Of Brexit, the fracking lobby and the revolving door

Fracking firms are keen to benefit from Brexit, and are hiring firms staffed by well-placed insiders to lobby on their behalf.

Amy Hall
28 June 2018
fracking protest.jpg

Image: Imitation fracking rig spouts flames at protest. Credit: Stefan Rousseau/PA Images, all rights reserved.

In January I wrote about how the fracking industry could take advantage of a dirty Brexit. But it goes further than direct lobbying and trying to hijack the Brexit narrative. Companies are also enlisting the help of PR agencies who are hiring former ministerial and even prime-ministerial advisors to lobby for them.

The UK’s PR and lobbying industry is the second biggest in the world, worth £7.5 billion according to Spinwatch. PR agencies will work to shape the public agenda in their clients’ interest, including some of the world’s most environmentally destructive companies.

According to the most recent Public Affairs and Lobbying Register, fracking firm Cuadrilla hires Hanover communications consultancy, whose Chief Executive is John Major’s former press secretary Charles Lewington, to help promote its work. This relationship goes back until at least 2013.

Cuadrilla is the company wanting to frack in Lancashire, Yorkshire and the South of England – including at Preston New Road and Balcombe. The company must have been reassured to see Hanover’s 2016 launch of a Brexit advisory team designed to help businesses “effectively navigate developments on both sides of the channel and protect your bottom line”.

Fracking giant INEOS have hired public relations and communications firm Burson Marsteller to help them with influencing government.

Meg Powell-Chandler, a former special adviser to UK business and energy secretary Greg Clark, was a Director at Burson Marsteller until February this year when, according to her LinkedIn profile, she moved into a special adviser role at the Department of Education. Her Westminster connections are strong; she has held a number of special adviser roles in government departments and was the Conservative party candidate for Birmingham Northfield in the 2017.

In 2015, the Chief Executive of Burson Marsteller’s UK office – Stephen Day (who was once a Tory special adviser to ex-shadow trade and industry ministers, John Redwood) – boasted about its ‘current and controversial’ clients to Public Affairs News saying: “We’re not afraid of controversy. Ineos are leading the way on fracking, we’re leading their work on fracking.”

After Lancashire County Council voted to reject fracking at two of Cuadrilla’s sites in July 2015, Burson-Marsteller published a blog post by manager Lee Wright titled “A nation of NIMBYs?” in which he complained about “the latest examples of the national interest crashing on the rocks of localism” and that “In the age of social media, well-funded and well-organised NGOs and campaign groups, it is all-to-easy for politicians to be cowed by those who shout the loudest.”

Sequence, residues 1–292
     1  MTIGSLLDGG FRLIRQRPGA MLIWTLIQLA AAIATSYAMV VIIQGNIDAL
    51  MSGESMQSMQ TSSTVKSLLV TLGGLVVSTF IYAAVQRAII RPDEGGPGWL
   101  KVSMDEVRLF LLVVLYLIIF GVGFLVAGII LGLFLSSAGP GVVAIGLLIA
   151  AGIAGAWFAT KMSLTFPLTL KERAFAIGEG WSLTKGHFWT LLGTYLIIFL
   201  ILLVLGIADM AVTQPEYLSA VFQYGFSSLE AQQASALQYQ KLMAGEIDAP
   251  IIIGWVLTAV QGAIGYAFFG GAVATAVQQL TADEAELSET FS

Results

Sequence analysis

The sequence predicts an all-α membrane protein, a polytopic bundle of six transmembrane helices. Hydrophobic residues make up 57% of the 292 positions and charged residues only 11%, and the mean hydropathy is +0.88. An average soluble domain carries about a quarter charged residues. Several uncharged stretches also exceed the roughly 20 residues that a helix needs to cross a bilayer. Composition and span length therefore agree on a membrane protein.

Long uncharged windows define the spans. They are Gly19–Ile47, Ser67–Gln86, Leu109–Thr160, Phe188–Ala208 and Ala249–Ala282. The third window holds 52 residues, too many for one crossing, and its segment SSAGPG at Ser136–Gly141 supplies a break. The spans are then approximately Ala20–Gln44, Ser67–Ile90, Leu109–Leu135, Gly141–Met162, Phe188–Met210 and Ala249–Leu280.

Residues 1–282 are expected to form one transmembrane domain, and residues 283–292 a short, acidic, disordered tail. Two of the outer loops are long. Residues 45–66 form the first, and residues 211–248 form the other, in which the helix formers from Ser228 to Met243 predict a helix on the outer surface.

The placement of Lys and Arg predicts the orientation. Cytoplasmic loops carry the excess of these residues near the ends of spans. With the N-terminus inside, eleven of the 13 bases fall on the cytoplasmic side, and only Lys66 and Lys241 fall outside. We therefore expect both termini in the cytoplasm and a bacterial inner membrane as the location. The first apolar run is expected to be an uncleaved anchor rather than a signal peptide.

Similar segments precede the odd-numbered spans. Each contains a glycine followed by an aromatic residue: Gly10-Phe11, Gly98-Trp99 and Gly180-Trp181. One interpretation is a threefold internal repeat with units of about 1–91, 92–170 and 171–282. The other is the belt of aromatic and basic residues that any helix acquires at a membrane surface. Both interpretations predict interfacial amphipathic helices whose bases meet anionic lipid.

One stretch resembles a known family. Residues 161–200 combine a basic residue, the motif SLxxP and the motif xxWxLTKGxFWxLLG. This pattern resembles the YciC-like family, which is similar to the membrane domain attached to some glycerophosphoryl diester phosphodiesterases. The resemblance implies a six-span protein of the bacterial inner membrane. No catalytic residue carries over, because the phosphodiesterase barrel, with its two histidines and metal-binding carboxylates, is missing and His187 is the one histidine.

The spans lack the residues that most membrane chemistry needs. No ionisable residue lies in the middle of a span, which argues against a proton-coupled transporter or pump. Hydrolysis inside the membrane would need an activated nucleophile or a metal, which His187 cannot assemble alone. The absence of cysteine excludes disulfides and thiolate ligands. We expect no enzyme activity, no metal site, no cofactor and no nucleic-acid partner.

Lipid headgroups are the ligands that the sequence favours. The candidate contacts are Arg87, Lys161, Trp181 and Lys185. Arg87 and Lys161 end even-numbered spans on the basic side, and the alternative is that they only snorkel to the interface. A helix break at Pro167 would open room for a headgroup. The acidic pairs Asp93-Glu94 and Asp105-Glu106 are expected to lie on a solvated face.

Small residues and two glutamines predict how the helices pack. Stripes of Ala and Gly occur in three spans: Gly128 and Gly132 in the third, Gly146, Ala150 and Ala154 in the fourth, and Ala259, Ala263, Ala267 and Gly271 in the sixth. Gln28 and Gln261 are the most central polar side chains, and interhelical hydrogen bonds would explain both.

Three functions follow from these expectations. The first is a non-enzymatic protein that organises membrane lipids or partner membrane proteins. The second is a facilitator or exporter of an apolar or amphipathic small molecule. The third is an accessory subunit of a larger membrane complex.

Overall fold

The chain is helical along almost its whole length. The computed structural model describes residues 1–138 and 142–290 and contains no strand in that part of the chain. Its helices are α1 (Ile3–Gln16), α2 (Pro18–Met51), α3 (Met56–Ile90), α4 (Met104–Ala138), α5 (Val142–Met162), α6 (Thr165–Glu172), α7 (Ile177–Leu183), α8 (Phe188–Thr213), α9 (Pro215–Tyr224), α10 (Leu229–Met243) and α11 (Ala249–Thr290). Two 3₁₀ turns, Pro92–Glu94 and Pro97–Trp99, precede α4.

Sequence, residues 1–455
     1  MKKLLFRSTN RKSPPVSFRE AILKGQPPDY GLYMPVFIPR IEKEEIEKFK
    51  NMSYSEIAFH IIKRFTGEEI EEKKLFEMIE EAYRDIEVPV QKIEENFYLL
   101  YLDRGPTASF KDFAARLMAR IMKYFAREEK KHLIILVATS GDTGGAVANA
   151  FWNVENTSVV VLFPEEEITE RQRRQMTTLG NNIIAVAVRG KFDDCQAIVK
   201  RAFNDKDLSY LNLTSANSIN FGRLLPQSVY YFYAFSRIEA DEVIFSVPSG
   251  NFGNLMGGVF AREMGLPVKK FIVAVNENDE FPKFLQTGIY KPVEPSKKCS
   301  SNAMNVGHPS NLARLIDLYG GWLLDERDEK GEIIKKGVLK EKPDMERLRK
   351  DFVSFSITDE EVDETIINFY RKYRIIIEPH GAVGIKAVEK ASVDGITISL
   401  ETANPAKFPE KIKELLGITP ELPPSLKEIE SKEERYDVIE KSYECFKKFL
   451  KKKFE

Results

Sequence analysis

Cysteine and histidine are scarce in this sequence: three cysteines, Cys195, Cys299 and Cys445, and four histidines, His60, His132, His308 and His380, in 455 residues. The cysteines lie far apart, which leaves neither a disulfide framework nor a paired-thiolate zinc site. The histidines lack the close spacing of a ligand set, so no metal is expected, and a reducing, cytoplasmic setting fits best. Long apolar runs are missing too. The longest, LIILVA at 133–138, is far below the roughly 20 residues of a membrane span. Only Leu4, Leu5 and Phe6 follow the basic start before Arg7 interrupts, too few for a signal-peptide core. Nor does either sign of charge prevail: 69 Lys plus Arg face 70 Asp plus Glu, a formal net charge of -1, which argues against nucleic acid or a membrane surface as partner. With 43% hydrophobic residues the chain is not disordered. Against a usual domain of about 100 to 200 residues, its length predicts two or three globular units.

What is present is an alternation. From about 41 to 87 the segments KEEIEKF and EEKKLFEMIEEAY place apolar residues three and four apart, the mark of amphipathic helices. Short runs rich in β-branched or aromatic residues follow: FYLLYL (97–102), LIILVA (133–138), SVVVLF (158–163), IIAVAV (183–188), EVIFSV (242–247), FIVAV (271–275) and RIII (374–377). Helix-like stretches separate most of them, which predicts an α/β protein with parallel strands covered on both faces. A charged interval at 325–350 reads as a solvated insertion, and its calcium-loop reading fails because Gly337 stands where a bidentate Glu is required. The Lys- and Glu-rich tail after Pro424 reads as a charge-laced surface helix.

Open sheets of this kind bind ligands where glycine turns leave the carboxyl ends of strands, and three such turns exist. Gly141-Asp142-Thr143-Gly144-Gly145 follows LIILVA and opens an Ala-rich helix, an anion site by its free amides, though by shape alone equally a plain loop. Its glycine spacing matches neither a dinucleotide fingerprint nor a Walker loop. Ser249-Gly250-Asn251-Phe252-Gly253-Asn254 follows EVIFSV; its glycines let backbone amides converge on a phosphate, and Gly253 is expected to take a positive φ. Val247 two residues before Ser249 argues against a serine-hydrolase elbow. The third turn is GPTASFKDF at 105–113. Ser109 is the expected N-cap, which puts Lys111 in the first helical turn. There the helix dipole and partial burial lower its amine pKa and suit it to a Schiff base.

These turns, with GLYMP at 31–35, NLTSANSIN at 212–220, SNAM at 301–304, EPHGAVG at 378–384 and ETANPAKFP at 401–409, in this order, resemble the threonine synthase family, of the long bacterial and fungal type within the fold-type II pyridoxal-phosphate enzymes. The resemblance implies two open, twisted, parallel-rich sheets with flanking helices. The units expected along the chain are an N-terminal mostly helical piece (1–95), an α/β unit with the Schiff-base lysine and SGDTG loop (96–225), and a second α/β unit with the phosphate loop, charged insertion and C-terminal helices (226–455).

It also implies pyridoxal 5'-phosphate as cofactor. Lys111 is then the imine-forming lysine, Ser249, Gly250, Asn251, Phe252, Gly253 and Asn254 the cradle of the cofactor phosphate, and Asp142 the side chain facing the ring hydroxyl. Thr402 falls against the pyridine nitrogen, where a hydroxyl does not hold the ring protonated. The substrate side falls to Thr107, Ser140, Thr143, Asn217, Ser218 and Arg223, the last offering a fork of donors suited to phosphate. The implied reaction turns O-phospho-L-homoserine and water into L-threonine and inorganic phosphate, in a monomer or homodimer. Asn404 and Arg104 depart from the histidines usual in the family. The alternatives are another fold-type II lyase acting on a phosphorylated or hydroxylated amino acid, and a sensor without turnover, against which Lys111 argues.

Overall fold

Another government adviser who has slipped into a lobbying career is Tomos Davies, who is an associate partner at Newgate Communications. Before he joined the company in 2016 he was a special adviser to the Secretary of State for Wales, working with Stephen Crabb then his successor Alun Cairns. He was also a 2017 election candidate for the Conservatives in Ynys Môn (Anglesey).

Davies is profiled as part of Newgate’s ‘Brexit Service’ which helps companies to be “in position to intervene to protect their interests should they come under threat.” The brochure about this service describes “integrated communications support” and says that it can “strategically position the organisation’s response to Brexit, including engaging with and influencing UK Government and opinion formers” in order to “inform the Government’s negotiating strategy and protect your company’s best interests.”

Newgate has provided services for oil and gas industry representatives, the United Kingdom Onshore Operators Group (UKOOG) and fracking company Third Energy.

Third Energy has been repeatedly warned about permit breaches at its site in Kirby Misperton site, although plans for fracking there are now on hold.

Pagefield, whose clients include Centrica, are one of the agencies who are recorded to have met directly with a Brexit minister – David Davis MP, the Secretary of State for Exiting the European Union, in December 2016 to discuss the impact of the UK’s exit from the EU, presumably on the company’s clients. During 2017 Centrica contributed $16.9 million to help keep Cuadrilla afloat and bring them into an annual profit for the first time. Cuadrilla Resources Holdings Ltd made a profit of $5.457 million in 2017, while they made a loss of $11.5 million for the same period in 2016.

It is notoriously difficult to find complete lists of PR company clients. The information here is largely based on what is relatively easy to reach (with thanks to Powerbase). Lobbyists only need to declare their clients on the UK lobbying register if they directly contact a minister on their behalf. Lobbying of anyone else in government, as well as lobbying by corporations themselves, is exempt.

PR companies represent all sorts of organisations but their significant influence means that industries deeply unpopular with the general public, like fracking, will be enlisting their help to shift public perception and government policy to make Brexit work for them.

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